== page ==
Graham Jones is a Thought Leader on Internet Psychology and has extensive experience in helping businesses understand the behavior of their customers. To learn more about Graham, visit his website at www.grahamjones.co.uk.
When you apply for a job, one of the first things employers will do is look you up online. They'll Google you and see what they can find. A potential employer could be impressed by what they discover; on the other hand, they may get an instant negative impression of you, even if it isn't deserved.
You Will Be Googled
One of the first problems with someone Googling you is that they might find nothing. After all, if you don't have a website, you don't blog, and you don't have any social media profiles, then Google won't have a lot to go on. Your name will likely come up on phone or email directories such as Spokeo.com, but that's about it.
Although employers will take more into account than a Google search when selecting candidates, an individual's lack of an online presence can be off-putting. This is because a human instinct comes into play - risk aversion. We try to avoid all kinds of risks, and one way we do that is to accumulate as much information as possible about something - or, in this case, someone. An employer doesn't want to take the risk of giving the job to the wrong person, so they get as much information as possible about candidates. No online presence means that employer won't be able to get intel on you...and this could affect your chances of getting the job.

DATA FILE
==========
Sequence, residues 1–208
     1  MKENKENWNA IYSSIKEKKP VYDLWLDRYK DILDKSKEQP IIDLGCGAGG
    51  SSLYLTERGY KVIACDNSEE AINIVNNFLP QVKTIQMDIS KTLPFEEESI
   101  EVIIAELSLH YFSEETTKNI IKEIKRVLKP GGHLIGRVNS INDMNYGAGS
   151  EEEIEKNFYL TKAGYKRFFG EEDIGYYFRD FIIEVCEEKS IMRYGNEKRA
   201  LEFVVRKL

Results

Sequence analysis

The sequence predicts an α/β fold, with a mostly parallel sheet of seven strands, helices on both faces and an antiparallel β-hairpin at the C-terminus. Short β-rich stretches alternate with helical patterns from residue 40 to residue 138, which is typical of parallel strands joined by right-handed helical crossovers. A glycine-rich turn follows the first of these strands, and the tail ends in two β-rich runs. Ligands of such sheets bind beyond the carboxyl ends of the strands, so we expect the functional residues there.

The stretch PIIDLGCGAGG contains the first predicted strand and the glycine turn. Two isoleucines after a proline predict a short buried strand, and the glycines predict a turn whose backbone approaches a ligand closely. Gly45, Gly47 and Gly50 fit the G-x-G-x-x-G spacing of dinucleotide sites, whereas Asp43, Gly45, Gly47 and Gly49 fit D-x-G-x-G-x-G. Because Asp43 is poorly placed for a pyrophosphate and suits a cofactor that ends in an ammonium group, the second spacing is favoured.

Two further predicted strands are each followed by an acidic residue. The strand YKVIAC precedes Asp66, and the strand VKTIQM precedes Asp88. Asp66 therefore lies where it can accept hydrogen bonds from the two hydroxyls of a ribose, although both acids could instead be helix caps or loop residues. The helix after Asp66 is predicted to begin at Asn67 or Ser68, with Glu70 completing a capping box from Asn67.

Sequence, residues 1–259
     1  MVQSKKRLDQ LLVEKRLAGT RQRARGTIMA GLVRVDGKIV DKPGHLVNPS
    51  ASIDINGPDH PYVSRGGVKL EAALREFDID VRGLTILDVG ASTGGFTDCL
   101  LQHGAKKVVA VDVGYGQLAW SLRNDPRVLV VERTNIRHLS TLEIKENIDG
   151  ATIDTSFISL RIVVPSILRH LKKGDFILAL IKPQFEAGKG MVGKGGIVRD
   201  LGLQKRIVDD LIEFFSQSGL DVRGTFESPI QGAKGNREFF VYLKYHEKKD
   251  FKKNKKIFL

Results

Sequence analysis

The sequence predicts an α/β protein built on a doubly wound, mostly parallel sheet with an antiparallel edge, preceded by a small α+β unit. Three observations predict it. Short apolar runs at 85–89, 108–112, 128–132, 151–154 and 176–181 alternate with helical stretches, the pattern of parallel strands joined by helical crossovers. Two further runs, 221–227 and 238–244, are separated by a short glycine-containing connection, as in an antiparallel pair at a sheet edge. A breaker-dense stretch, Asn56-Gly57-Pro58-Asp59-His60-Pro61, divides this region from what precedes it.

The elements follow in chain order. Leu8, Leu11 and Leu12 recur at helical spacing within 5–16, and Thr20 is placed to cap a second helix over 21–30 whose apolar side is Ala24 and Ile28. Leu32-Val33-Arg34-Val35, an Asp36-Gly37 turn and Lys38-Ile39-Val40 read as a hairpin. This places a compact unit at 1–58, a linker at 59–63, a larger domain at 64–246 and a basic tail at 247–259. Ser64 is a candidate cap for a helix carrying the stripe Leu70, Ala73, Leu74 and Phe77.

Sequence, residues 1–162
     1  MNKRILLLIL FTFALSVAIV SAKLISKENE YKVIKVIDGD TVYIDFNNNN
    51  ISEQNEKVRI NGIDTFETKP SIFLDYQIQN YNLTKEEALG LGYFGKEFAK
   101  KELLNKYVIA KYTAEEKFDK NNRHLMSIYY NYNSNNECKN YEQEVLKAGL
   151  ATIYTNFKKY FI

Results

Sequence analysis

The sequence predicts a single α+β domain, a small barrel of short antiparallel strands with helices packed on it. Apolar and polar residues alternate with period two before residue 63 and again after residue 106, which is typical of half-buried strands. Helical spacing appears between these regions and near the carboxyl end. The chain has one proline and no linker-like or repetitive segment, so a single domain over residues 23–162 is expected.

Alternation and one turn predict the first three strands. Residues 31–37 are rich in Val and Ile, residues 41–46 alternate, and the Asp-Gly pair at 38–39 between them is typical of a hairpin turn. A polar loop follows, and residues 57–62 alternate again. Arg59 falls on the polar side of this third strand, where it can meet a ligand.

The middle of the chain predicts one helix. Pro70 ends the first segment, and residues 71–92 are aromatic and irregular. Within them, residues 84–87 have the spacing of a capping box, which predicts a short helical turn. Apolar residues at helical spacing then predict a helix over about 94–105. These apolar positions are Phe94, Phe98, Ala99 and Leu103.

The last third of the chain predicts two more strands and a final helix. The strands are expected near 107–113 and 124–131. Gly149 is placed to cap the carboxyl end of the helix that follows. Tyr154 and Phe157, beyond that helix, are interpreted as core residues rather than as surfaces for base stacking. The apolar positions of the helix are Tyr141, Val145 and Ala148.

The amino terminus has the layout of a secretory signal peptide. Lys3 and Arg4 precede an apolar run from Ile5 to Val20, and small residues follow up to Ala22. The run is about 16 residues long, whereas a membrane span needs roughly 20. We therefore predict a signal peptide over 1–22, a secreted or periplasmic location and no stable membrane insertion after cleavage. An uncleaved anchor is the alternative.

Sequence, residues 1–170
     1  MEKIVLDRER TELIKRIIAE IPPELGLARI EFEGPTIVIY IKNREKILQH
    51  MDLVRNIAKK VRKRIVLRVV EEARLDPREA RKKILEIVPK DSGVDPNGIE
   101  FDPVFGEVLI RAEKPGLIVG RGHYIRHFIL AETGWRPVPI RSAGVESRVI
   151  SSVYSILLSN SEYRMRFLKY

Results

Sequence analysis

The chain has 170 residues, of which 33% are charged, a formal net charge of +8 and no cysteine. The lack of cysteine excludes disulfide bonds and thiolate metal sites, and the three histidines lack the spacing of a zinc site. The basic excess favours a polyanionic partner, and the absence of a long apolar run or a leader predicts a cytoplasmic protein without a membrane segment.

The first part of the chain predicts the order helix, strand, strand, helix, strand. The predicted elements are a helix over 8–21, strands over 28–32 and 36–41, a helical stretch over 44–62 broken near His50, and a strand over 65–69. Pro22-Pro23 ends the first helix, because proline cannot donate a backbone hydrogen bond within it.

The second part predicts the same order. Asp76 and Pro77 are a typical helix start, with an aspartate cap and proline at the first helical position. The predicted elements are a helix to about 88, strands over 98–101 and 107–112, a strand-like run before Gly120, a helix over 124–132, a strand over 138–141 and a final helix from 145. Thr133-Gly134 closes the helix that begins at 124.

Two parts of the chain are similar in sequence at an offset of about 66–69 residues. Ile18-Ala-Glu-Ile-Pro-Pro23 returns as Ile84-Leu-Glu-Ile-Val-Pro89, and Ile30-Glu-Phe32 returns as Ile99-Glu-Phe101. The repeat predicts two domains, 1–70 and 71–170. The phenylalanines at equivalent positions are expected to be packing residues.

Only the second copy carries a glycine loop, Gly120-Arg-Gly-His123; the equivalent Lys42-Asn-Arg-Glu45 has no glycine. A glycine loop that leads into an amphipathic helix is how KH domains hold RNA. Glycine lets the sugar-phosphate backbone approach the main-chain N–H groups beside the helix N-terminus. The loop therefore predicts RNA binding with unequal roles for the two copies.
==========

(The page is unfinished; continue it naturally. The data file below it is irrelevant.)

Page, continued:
The More Information About You Online, the Better
If you prepare a report for your boss and it's five pages long, you wouldn't get the same reaction as you would if your report were 50 pages long. If your report makes a "thud" when it lands on your boss's desk, they think it must be good. The same effect on risk aversion happens online. When someone Googles you and they find only one or two small references, they're not as impressed as when they find link after link after link to your name. The more places you're visible online, the more you'll be able to instantly impress people - some of whom could be potential employers. Research about web users shows that they're disappointed when there is little information to be found, even though they find smaller amounts of information easier to handle.
Ensuring you have a solid online presence can increase the chances of a job
To attract employers, you need a "footprint" across the Internet. It means having a blog, for instance, that records your ideas, thoughts and notions related to the kind of work you do. Perhaps you even need your own website that's all about you and your work. Your aim is not to get thousands of visitors - merely to impress potential employers when they Google you.
However, they will also check you out on social networks. So make sure to have a positive presence on the main networks such as LinkedIn, Twitter, and Facebook. Plus, make sure you participate in any groups or forums related to your kind of work. Together with what potential employers gleam from a Google search, social media profiles provide a more complete picture of who you are and what you can do.
Remember, too, that we're in a digital age. These days, employers favor individuals who are well connected online and demonstrate they understand the influence of the web. Having an online footprint is a significant help in gaining employment.